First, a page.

The national consultation was held as part of the second phase of the Southern African Development Community (SADC) Nexus Dialogue Project “Fostering Water, Energy, and Food Security Nexus Dialogue and Multi-Sector Investment in the SADC Region” , being implemented in Southern Africa by the Global Water Partnership Southern Africa (GWPSA), on behalf of the SADC Secretariat. The SADC NEXUS Dialogue Project is supported by the European Commission as part of the Global "Nexus Dialogues Program" , being implemented in the Middle East and North Africa (MENA), Niger River Basin, Latin America and the Caribbean (LAC), Southern Africa , and Central Asia.
"The overall objective of the SADC Nexus Dialogue Project is to support the transformation required to meet increasing water, energy, and food security demand in the context of climate change in the SADC Region through the development of an integrated nexus approach," said Dr. Patrice Kabeya, Senior Program Officer, Water Division, Directorate of Infrastructure and Services in the SADC Secretariat at the Lesotho Nexus consultation.
Dr. Patrice Kabeya, Senior Program Officer, Water Division, SADC Secretariat
"Despite that Lesotho is endowed with plenty of water, land, and human resources, more than half of its population is living under the national poverty line, mostly in rural areas where we have most of the resources," said Mr. Motsetsero Mofihli, Director in the Department of Crops in Lesotho's Ministry of Agriculture and Food Security. "It is imperative to protect the country's abundant resources and use them to their full potential so that the country becomes food and water secure". He delivered opening remarks on behalf of the SADC National WEF Directors.
In his keynote address, Professor Qalabane Chakela, an Environmental Resources Management Specialist and an Independent Consultant, directed the Dialogue to the existence of multiple Nexus frameworks that have been implemented globally. He shared his results of an evaluation of these frameworks, highlighting the identified gaps associated with them and why each framework must be adapted to the country-specific context, to work.
Professor Qalabane Chakela, an Environmental Resources Management Specialist and an Independent Consultant
The perspectives shared with stakeholders through the background paper outlined governance and coordination mechanisms driving the WEF Nexus investments in Lesotho, noting that existing programs and projects have one or more components of the WEF Nexus. The paper also mapped out WEF-related policy frameworks in Lesotho, which would create an enabling environment for the implementation of WEF Nexus in Lesotho. Through the paper, opportunities, such as the Lesotho ICM project, and threats to the project were identified. Constraints outlined include the silo approach in developing and implementing projects, lack of capacity (technical, institutional, financial, legal, and regulatory), and insufficient political and legal backstopping to drive the WEF nexus agenda.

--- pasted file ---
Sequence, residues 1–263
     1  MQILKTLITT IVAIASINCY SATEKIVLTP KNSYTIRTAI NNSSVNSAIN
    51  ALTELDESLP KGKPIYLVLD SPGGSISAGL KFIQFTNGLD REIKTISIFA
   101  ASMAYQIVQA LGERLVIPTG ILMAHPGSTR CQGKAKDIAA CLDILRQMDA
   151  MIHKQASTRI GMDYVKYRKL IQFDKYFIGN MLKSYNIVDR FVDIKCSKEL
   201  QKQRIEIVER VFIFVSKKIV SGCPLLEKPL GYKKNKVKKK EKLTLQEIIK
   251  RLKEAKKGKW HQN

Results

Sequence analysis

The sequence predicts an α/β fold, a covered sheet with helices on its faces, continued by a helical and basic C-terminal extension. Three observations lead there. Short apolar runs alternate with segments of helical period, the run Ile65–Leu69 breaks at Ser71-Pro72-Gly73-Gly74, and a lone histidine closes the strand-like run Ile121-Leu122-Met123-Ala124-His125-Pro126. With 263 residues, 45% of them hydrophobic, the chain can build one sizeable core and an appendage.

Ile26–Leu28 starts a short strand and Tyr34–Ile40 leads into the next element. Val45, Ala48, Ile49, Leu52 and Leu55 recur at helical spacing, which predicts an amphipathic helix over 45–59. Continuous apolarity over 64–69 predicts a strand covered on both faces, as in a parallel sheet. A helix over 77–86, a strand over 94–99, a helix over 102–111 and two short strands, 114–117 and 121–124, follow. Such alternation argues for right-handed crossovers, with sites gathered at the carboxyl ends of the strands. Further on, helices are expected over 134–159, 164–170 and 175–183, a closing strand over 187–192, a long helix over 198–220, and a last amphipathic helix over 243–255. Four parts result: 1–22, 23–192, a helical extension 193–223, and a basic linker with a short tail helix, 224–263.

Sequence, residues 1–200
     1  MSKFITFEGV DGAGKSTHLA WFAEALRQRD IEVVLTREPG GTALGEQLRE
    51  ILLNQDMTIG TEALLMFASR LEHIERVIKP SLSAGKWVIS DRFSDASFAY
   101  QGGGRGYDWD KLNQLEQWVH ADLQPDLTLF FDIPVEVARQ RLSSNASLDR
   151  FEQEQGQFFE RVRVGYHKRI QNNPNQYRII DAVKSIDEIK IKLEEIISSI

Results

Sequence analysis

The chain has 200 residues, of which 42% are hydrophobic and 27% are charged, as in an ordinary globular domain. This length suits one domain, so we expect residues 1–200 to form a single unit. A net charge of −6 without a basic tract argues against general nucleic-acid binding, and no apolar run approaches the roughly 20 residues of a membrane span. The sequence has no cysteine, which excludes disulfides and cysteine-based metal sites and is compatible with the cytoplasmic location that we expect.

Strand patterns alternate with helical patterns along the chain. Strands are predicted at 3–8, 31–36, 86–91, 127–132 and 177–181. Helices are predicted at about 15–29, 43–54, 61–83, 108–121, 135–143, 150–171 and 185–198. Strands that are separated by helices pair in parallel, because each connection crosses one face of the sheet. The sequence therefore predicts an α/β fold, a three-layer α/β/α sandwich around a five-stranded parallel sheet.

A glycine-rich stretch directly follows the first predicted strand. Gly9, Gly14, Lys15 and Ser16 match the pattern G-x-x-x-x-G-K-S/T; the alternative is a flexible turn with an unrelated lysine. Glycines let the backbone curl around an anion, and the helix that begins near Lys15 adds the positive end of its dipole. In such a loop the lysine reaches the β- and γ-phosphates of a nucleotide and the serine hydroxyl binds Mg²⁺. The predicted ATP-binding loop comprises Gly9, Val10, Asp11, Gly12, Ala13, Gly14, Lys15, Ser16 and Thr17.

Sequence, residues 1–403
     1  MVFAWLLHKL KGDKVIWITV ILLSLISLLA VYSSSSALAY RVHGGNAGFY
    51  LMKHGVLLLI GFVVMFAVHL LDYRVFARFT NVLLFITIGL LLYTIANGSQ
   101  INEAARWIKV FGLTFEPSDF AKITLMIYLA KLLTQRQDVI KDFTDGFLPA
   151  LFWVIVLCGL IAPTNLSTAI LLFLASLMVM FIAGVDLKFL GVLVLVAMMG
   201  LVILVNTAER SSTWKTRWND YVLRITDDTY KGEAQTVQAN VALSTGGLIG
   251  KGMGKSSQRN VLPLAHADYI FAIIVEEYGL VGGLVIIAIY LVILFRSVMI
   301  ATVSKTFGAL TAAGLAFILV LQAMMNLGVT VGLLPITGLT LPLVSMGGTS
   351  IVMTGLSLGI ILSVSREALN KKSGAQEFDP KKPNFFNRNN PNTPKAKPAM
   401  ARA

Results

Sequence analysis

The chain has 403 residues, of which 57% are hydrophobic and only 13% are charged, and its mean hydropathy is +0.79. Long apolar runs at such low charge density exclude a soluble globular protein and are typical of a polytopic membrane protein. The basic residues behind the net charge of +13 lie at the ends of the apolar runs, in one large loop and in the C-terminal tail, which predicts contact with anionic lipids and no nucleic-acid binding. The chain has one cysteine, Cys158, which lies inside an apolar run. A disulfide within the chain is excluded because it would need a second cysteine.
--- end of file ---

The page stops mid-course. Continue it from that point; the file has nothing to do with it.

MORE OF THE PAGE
The Dialogue stressed the need to institutionalize the WEF Nexus based on the existing structures, citing the Lesotho Integrated Catchment Management (ICM) project as a solid platform on which the Nexus Framework can be established. Participants deliberated on how the coordination gaps identified in the background paper, and silo approaches to development planning, that lead to WEF resource-use inefficiencies can be overcome. The importance of continuous capacity development focusing on softer issues (communication, relationships, coordination mechanisms, governance, institutional linkages, etc.) in driving the Nexus Agenda in Lesotho were also underscored during the Dialogue.
The first phase of the SADC Nexus Dialogue Project was implemented from 2017-2019 as priority intervention 8.2 (Nexus Approaches) of the SADC Regional Strategic and Action Plan (RSAP IV) on Integrated Water Resources Development and Management and aimed at helping regional organizations and their member states apply a nexus approach in the formulation of multi-sector policy recommendations, strategies, action plans, and investment programs. Phase I also aimed to identify concrete investment projects - with a focus on multi-purpose water infrastructure. Among the key results achieved from Phase I was the establishment of a SADC Regional WEF Nexus Governance Framework which was validated by all SADC Member States in 2019 and approved by Ministers responsible for Energy and Water from the Southern African Development Community (SADC) in 2020. The SADC WEF Nexus investment project screening and appraisal tool and a prioritized list of Nexus Investment Projects were also part of the milestones achieved during the first phase.
"Phase II of the project has a duration of 3 years, commencing in 2020 until 2023", added Dr. Kabeya. "This builds on the achievements of the first phase, with the overall objective of institutionalizing the WEF Nexus approach at regional and national governance structures and investment decisions for water, energy, and food security in the SADC region".
This article was first published on the GWPSA website on December 21, 2021.